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worth

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adjective British English pronunciation: worth /wɜː(r)θ/
Worth usually follows the verb 'to be' and is always followed by either a noun, pronoun, or number, or by the '-ing' form of a verb: The painting is probably worth thousands of pounds.It was a difficult journey, but it was worth it.The film was definitely worth seeing.
 
  1. 1
    if you say how much something is worth, you state its value in money

    How much do you reckon the house is worth?

    worth ten pounds/$100/a lot etc:

    a Gucci watch worth £1,000

    I didn't think the furniture would be worth anything.

    worth a fortune (=worth a very large sum of money):

    The building itself must be worth a fortune.

  2. 2
    used for saying that there is a good enough reason for doing something, because it is important, enjoyable, useful etc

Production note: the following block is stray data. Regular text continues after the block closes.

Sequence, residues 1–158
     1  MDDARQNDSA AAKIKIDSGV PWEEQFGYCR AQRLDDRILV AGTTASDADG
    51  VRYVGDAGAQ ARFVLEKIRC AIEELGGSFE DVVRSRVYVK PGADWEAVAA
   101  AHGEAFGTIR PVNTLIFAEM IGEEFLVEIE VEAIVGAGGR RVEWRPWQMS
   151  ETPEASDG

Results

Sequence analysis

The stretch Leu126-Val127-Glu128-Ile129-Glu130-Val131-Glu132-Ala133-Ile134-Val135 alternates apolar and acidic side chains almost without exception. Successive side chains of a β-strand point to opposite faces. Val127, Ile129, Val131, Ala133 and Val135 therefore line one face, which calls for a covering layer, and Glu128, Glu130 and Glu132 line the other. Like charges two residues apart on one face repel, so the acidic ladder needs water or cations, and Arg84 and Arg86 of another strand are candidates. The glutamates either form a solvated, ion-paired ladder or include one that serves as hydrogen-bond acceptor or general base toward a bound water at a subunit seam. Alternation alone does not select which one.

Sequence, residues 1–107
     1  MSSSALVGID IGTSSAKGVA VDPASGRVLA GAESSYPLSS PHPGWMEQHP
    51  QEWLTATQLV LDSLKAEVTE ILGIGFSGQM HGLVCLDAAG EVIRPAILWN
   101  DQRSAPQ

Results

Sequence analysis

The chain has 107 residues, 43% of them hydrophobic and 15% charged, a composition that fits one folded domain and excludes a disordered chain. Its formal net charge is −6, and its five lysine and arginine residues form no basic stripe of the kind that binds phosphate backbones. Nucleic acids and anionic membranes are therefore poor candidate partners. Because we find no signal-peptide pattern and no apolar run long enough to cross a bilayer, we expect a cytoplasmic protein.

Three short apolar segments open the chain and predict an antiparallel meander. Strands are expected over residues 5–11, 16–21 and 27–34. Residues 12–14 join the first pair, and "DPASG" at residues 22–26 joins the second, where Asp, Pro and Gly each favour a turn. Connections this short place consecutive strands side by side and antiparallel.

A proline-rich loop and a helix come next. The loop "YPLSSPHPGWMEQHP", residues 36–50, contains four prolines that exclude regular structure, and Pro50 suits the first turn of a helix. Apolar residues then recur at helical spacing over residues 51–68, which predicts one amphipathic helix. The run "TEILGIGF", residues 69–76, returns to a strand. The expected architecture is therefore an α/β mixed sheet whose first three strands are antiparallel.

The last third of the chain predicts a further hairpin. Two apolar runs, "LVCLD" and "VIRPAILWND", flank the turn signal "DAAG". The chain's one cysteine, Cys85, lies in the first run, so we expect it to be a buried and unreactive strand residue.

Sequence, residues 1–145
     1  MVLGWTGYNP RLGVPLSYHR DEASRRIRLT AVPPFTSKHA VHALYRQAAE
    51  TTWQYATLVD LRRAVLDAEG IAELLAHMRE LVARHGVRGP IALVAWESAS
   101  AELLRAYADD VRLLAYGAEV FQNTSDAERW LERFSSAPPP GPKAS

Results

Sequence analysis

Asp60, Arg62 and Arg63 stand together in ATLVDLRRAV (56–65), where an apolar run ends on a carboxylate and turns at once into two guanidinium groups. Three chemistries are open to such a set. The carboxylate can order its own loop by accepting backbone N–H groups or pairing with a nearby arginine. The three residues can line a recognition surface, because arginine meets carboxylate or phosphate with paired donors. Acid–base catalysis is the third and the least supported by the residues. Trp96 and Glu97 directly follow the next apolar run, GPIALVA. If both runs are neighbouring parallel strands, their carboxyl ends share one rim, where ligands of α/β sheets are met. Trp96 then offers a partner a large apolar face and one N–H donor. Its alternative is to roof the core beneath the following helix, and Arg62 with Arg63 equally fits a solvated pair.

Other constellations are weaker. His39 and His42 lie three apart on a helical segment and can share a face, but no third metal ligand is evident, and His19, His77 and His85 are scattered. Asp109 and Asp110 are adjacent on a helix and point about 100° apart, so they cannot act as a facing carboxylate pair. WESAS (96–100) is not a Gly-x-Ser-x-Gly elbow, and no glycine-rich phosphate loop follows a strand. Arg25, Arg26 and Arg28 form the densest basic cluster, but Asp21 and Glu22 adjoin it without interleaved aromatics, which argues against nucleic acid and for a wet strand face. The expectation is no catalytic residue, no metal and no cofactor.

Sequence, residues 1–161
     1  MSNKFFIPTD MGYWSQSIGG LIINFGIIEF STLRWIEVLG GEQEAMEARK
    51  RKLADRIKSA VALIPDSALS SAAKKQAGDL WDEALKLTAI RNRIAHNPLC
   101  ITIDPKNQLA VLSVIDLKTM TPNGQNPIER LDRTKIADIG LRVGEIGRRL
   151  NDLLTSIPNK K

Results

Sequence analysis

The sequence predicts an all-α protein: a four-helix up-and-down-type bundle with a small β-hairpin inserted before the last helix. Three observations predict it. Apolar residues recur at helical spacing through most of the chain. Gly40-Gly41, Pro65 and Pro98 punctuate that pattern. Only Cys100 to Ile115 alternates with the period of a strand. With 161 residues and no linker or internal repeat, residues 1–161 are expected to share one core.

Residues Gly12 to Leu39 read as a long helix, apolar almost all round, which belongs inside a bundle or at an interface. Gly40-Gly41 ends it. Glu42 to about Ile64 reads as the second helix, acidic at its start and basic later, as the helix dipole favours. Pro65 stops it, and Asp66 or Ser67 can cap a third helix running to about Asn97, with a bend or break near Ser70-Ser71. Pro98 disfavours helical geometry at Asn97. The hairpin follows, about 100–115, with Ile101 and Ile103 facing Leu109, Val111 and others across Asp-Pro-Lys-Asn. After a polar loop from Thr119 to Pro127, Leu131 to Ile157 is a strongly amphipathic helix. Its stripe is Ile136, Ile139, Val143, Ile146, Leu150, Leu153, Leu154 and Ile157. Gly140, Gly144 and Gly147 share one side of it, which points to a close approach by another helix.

be worth doing/having/seeing etc:

    The book is definitely worth reading.

    We believe that our freedom is worth fighting for.

    worth a try/visit/look:

    Owen's plan was risky, but it was worth a try.

    well worth:

    The Museum of Fine Arts is well worth a visit.

    be worth the effort/time/trouble:

    It's a long way, and probably not worth the effort.

    it is worth doing something:

    It's worth talking to your financial adviser before making your final decision.

    be worth it:

    It was hard work, but it was worth it in the end.

  3. 3
    used for saying how good, useful, or reliable someone or something is
    be worth something/a lot/a great deal etc:

    She knows that her loyalty is worth a great deal to Charles.

    I'm afraid the government's promises aren't worth much.

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